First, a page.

The cliche is supposed to go "One of the greatest, if not the greatest, blah-blah(s) of all time." That structure, however, has it's own problem: is the noun that follows supposed to be singular or plural?
    I don't think the structure is the problem. Speaking as somebody who often interacts with people whose native language doesn't have singular or plural construction, I would say rather that it is one of those cases where you have to choose one or the other in a meaningless way. There are many situations like that, for example.

    Asking a question. We say, "do you have any children," but "do you have a car", just because the assumption is that you would have more than one child I guess.

    Also, with group nouns it's unclear which to use, i.e. "the family is going on vacation" or "the family are going on vacation." Because you have to choose one.

    And the construction above also forces you to choose.

    And by the way, "it's own problem" should be "its own problem."

    And about the question, like Sean I would use the plural.
    As above, so below

  20. #3050
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    Quote Originally Posted by Jens View Post
    ...

    And by the way, "it's own problem" should be "its own problem."
    Sorry. I should have caught that.

  21. #3051
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    Quote Originally Posted by Jens View Post
    ... Also, with group nouns it's unclear which to use, i.e. "the family is going on vacation" or "the family are going on vacation." Because you have to choose one. ...
    My understanding is you make the choice based on whether the family is going on vacation as a group or are going on separate vacations as individuals.
    Never attribute to malice that which can be adequately explained by ignorance or stupidity.
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    You know, the very powerful and the very stupid have one thing in common. They donít alter their views to fit the facts. They alter the facts to fit their views.
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  22. #3052
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    Quote Originally Posted by Jim View Post
    My understanding is you make the choice based on whether the family is going on vacation as a group or are going on separate vacations as individuals.
    I think thatís a rule of thumb, but in real use there is a tendency in American English to use singular predominantly (I usually use singular) while in British English there is a greater tendency to use the plural. It might reflect a greater emphasis on collectiveness in Europe or might simply be a grammatical heritage.
    As above, so below

  23. #3053
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    Quote Originally Posted by Jens View Post
    I think that’s a rule of thumb, but in real use there is a tendency in American English to use singular predominantly (I usually use singular) while in British English there is a greater tendency to use the plural. It might reflect a greater emphasis on collectiveness in Europe or might simply be a grammatical heritage.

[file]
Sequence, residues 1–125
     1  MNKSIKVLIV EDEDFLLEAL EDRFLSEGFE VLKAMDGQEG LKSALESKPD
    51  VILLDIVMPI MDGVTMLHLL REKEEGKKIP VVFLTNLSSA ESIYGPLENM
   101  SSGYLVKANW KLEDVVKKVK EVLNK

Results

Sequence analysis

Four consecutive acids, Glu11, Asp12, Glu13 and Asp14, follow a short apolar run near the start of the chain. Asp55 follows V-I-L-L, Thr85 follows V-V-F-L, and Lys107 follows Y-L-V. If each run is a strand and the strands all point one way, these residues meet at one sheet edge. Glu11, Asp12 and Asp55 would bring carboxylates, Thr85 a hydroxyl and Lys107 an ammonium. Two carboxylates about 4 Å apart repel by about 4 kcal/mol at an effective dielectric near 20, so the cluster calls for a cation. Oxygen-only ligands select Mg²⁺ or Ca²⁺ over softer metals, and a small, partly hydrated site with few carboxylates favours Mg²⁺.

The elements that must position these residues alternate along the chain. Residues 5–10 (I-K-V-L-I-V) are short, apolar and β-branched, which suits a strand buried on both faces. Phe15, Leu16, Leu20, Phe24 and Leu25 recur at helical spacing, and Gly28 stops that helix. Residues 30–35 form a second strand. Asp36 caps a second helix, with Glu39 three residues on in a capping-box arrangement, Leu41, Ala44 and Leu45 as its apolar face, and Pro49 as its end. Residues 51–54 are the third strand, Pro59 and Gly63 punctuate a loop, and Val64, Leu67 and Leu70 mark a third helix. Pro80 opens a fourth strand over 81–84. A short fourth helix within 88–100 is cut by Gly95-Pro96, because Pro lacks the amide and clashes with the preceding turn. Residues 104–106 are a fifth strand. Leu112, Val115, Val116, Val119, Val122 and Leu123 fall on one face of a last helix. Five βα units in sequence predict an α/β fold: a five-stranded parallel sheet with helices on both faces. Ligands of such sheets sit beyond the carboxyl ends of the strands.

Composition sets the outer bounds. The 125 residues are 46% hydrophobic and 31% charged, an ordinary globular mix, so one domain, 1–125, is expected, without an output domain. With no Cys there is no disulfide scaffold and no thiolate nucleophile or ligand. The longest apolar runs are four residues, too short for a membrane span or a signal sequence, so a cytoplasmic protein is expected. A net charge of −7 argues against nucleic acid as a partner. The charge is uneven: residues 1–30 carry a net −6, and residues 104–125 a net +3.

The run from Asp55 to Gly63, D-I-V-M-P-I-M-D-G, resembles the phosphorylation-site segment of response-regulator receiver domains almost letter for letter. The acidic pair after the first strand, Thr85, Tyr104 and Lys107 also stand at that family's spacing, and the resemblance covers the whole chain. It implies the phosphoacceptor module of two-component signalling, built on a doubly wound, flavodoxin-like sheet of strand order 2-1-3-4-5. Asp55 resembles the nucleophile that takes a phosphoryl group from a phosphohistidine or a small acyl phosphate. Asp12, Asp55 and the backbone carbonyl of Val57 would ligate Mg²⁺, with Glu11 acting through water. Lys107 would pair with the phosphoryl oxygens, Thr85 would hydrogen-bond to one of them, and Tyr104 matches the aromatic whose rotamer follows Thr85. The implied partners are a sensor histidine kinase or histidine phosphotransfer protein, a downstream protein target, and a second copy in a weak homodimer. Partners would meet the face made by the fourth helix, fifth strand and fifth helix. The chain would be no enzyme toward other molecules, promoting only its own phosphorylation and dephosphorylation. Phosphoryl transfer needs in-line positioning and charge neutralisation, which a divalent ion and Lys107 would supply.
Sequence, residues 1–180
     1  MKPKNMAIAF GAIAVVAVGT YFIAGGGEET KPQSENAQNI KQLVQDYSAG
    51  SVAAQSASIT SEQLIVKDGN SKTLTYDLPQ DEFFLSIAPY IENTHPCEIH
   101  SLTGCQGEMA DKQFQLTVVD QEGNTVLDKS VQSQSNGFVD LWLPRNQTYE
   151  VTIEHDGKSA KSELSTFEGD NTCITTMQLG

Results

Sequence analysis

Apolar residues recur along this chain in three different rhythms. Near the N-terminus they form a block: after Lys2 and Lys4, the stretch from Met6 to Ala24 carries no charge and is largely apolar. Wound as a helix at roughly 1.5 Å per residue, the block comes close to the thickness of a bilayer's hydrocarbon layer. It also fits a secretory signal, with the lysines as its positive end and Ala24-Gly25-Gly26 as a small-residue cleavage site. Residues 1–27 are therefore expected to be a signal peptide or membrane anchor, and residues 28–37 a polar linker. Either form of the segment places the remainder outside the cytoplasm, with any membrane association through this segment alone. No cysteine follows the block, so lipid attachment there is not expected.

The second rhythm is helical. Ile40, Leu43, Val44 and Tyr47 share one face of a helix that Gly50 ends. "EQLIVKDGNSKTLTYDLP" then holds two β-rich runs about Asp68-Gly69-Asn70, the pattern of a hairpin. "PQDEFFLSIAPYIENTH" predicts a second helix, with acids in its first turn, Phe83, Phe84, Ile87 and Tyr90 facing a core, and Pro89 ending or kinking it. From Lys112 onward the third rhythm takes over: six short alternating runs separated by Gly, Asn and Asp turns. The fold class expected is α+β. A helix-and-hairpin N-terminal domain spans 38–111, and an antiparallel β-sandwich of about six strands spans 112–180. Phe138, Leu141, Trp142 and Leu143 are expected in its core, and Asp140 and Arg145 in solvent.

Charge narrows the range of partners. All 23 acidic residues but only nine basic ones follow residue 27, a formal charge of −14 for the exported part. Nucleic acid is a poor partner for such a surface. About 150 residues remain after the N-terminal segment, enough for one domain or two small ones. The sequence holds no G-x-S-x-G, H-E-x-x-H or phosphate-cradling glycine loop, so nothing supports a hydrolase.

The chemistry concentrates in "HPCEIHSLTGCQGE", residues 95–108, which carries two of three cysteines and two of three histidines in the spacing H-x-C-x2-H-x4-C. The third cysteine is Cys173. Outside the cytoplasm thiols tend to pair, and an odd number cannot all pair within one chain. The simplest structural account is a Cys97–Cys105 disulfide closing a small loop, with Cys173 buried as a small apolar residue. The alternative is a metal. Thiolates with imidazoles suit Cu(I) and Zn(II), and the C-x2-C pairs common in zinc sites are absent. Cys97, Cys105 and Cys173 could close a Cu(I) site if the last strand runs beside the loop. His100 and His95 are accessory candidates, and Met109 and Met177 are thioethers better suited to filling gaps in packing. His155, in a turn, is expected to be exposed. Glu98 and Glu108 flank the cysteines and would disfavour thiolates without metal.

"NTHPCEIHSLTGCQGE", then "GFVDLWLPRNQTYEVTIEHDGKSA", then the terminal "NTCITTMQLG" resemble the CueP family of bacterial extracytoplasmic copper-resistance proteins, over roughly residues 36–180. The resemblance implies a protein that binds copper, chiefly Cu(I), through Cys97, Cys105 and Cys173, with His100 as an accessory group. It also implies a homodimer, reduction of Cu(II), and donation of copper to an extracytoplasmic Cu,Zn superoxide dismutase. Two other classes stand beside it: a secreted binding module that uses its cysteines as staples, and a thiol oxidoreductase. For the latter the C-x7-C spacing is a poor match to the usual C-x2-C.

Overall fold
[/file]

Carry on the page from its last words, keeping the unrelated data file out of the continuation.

Wouldn't a "greater emphasis on collectiveness" lean towards using the singular verb for group nouns, rather than the opposite?
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  24. #3054
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    Quote Originally Posted by SeanF View Post
    I would think it should be plural, since the singular ("if not the greatest") is a subordinate clause, but I can't really say that it sounds wrong either way.
    It could have been done as, "one of the least-viewed telecasts in history, if not the least-viewed."

    There's some repetition there, but at least the singular/possessive issue goes away.

  25. #3055
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    I might use "Arguably, the greatest whatever of all time." It gets the idea across while leaving room for the opinions of others.

  26. #3056
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    Quote Originally Posted by DonM435 View Post
    I might use "Arguably, the greatest whatever of all time." It gets the idea across while leaving room for the opinions of others.
    For something like "greatest," sure. But the question in this case - whether the broadcast was the least-viewed or not - isn't an arguable opinion. It's a fact, one way or the other, it just wasn't known which at the time of writing.
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  27. #3057
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    Quote Originally Posted by SeanF View Post
    For something like "greatest," sure. But the question in this case - whether the broadcast was the least-viewed or not - isn't an arguable opinion. It's a fact, one way or the other, it just wasn't known which at the time of writing.
    (Lame excuse warning.) It could be "arguable" based upon the definition and conditions, e.g., are we talking percent or absolute numbers, day or night, weekday or weekend ...

  28. #3058
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    This was posted to the ABC World News Tonight facebook page.

    DEADLY DECISION? A driver in Franklin Lakes, New Jersey, was killed after authorities say he ignored a barricade and drove onto a live wire on the road after the Nor'Easter that ignited the vehicle.

    I don't thinks that sounds like what they meant to say.
    Quando Omni Flunkus Moritati

  29. #3059
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    Yes, it sounds like the Northeaster, whatever that is, ignited the vehicle.
    As above, so below

  30. #3060
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    A Nor'Easter is a kind of storm.
    _____________________________________________
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    "Now everyone was giving her that kind of look UFOlogists get when they suddenly say, 'Hey, if you shade your eyes you can see it is just a flock of geese after all.'"

    "You can't erase icing."

    "I can't believe it doesn't work! I found it on the internet, man!"